Emergency rt for nurse

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Emergency rt for nurse

  1. 1. Emergency RT Sirentra Wanglikitkoon, MD.
  2. 2. Contents • Brain metastasis • Spinal cord compression • SVC obstruction • Others • Airway obstruction
  3. 3. BRAIN METASTASIS
  4. 4. • Survival ? • Symptom ? • Treatment • RT • ? • Complication?
  5. 5. Epidemiology • The most common intracranial tumors in adults
  6. 6. Epidemiology
  7. 7. Pathogenesis • Most common mechanism is hematogenous spread • Usually located at gray white junction • Distribution of metastases • Cerebral hemispheres : approximately 80 % • Cerebellum : 15 % • Brainstem : 5 %
  8. 8. Clinical presentation
  9. 9. Prognosis • Age • Performance status • Primary un/controlled • Pathology • Metastasis disease • Number of brain metastasis • RPA • GPA • Diagnosisspecific GPA
  10. 10. Prognosis - RPA Recursive Partitioning Analysis
  11. 11. Prognosis - RPA RPA Median survival Class I Class II Class III 7.1 months 4.2 months 2.3 months
  12. 12. Prognosis - GPA
  13. 13. Prognosis - GPA
  14. 14. Prognosis: Diagnosis-specific GPA 2.8 mo  25.3 mo
  15. 15. Imaging: CT brain A 58-year-old patient with Rt hemiparesis CT brain: ring enhancing lesions with vasogenic edema at both frontoparietal region. DDx: Brain metastasis
  16. 16. Imaging: MRI brain MRI will frequently pick up smaller lesions not seen on CT scans Significant effect on the patient’s prognosis and treatment course.
  17. 17. Imaging: NCCN 2013
  18. 18. Imaging: NCCN 2013
  19. 19. Investigation
  20. 20. Management • Symptomatic treatment • Prevent and control cerebral edema: corticosteroids • Anticonvulsants • Specific treatment: local brain • Radiotherapy • Conventional whole brain RT: Standard treatment • Stereotactic radiosurgery (SRS) • Surgical resection
  21. 21. Management • Symptomatic treatment • Prevent and control cerebral edema: corticosteroids • Anticonvulsants • Specific treatment: local brain • Radiotherapy • Conventional whole brain RT: Standard treatment • Stereotactic radiosurgery (SRS) • Surgical resection
  22. 22. Corticosteroids • Improve edema and neurologic deficits • Approximately two-thirds of pts  Improve • Should promptly start with dexamethasone 10 mg IV or oral bolus  4-6 mg q 6-8 hrs • With concurrent PPI • In asymptomatic pts with little edema and mass effect  may be reserved until the first sign of neurologic symptoms.
  23. 23. Anticonvulsants
  24. 24. Management • Symptomatic treatment • Prevent and control cerebral edema: corticosteroids • Anticonvulsants • Specific treatment: local brain • Radiotherapy • Conventional whole brain RT: Standard treatment • Stereotactic radiosurgery (SRS) • Surgical resection
  25. 25. Whole-brain radiotherapy • WBRT and appropriated steroid use are still standard treatment of brain metastasis • Average Median survival of brain metastasis • Without treatment : approximately 1 month • With corticosteroids use : 2 months • With WBRT : 3-4 months APRIL F. EICHLER,The Oncologist 2007;12:884–898
  26. 26. Whole-brain radiotherapy • Standard of care in pts with brain metastasis • Radiographic and clinical response rates: 50-75% • Standard dose and fractionation: 30 Gy in 10 fractions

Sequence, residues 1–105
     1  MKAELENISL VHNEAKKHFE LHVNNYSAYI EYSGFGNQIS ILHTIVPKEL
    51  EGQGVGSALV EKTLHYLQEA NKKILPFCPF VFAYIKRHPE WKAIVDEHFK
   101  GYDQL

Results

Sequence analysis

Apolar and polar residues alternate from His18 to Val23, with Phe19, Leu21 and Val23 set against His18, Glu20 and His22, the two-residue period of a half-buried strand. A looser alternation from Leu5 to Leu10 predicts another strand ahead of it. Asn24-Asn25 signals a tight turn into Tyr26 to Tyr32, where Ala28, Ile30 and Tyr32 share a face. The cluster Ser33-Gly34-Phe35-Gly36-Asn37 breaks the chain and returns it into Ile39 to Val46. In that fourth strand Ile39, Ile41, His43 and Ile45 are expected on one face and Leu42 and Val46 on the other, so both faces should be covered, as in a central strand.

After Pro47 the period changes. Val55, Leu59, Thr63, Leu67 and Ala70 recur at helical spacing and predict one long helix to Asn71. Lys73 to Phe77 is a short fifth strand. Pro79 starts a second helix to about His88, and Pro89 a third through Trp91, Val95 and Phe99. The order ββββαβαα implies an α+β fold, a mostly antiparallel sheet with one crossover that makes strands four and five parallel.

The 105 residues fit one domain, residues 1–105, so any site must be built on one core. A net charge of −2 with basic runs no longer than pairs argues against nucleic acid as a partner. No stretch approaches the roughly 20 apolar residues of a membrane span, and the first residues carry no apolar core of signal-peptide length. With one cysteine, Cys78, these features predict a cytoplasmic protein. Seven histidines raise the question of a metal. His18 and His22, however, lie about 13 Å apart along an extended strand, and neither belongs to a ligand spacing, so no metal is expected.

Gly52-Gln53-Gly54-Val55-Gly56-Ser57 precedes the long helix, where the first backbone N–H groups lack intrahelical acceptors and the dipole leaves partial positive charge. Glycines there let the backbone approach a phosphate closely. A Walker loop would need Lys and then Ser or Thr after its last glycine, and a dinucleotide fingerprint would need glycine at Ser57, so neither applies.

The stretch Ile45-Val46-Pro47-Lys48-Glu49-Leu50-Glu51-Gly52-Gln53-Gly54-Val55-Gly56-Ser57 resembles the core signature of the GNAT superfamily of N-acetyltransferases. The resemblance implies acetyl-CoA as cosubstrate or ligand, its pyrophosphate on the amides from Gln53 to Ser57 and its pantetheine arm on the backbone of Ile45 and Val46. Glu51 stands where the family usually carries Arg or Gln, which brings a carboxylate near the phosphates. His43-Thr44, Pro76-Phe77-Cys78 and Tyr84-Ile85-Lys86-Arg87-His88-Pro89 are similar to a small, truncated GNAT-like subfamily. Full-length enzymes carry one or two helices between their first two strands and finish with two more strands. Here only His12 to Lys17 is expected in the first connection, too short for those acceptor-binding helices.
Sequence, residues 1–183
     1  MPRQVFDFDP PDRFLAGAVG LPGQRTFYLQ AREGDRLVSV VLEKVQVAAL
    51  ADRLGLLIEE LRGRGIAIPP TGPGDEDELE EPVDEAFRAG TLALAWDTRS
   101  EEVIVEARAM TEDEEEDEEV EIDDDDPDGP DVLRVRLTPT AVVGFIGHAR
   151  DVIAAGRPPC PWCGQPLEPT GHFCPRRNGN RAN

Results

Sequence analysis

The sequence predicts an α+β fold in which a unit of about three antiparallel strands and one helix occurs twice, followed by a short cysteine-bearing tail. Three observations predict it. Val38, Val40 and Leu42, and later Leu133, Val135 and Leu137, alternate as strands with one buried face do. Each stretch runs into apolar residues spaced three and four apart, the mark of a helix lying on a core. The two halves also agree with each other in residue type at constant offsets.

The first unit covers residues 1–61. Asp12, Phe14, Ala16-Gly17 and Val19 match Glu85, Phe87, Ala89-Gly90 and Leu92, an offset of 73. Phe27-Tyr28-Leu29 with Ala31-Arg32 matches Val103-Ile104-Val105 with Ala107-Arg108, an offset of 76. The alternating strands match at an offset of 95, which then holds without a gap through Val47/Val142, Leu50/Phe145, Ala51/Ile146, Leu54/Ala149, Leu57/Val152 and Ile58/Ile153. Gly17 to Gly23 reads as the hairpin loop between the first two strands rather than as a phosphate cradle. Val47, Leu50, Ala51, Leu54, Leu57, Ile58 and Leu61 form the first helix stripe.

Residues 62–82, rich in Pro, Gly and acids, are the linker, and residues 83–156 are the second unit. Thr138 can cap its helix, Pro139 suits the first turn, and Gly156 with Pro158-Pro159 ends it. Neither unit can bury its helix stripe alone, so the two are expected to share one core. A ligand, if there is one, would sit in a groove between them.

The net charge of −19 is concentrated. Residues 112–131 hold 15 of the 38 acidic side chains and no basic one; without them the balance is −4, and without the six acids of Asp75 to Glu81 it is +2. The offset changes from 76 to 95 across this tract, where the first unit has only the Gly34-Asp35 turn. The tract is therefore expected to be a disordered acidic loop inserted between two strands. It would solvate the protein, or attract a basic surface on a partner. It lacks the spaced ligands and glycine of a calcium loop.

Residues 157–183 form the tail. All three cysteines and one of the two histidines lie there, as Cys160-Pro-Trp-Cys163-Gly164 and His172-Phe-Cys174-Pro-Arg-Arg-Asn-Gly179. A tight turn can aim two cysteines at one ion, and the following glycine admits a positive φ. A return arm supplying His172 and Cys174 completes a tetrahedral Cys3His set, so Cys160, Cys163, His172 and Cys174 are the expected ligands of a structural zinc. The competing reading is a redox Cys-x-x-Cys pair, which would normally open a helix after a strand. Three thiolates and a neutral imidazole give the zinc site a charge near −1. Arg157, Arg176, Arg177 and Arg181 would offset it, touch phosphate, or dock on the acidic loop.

27. 27. WBRT: Dose & fractionation 20Gy/5F = 36Gy/6F = 30Gy/10F,15F = 40Gy/15F,20F
  28. 28. Stereotactic radiosurgery • • • • High dose per fraction High conformity Rapid dose fall-off Minimizing radiation dose to surrounding normal tissue • Radiation tolerance of normal tissue is volume dependent • Precisely directed target (usually ≤ 1mm) • Strictly Immobilization  head flame
  29. 29. Stereotactic radiosurgery Maximum tolerated doses of SRS Tumor size Max. Dose < 20mm 24 Gy 21-30 mm 18 Gy 31-40 mm 15 Gy Int. J. Radiation Oncology Biol. Phys., Vol. 47, No. 2, pp. 291–298, 2000
  30. 30. Surgical resection Role of surgery • Pathology: tissue diagnosis • Relieving mass effect due to large symptomatic metastases • Improve local control and survival
  31. 31. Surgery + WBRT vs WBRT alone: Single brain metastasis • KPS ≥70 40 wks 15 wks KPS ≥70 10 mo 6 mo WHO≤2 NS KPS ≥50
  32. 32. Brain complications • Acute complication • Acute Encephalopathy • Late-delayed complication 1. Radiation Necrosis 2. Cognitive Dysfunction 3. Radiation induced brain tumor Perez 5th edition p 730
  33. 33. Acute Encephalopathy • Pathogenesis: • RT open the BBB acutely  exacerbate preexisting peritumoral edema • Onset • generally most severe following the first radiation dose and gradually lessens in severity thereafter • Clinical presentation • nausea and vomiting, drowsiness, headache, and worsening of preexisting neurologic deficits
  34. 34. Acute Encephalopathy • Management • Small dose per fraction (<300 cGy) • Routine use of corticosteroids in pts with peritumoral edema
  35. 35. For Nurse • Prognosis • Observe neuro sign • Observe RT complication • Dexamethasone • DM • PPI • Infection
  36. 36. Spinal cord compression
  37. 37. Introduction • 5-14% of all cancer patients • 1/3 survival beyond 1 yr • Most common cancer • breast cancer 29% • lung cancer 17% • prostate cancer 14%
  38. 38. Introduction • Location of the site of compression • cervical spine 4-15% • thoracic spine 59-78% • lumbosacral spine 16-33% • multiple sites 50%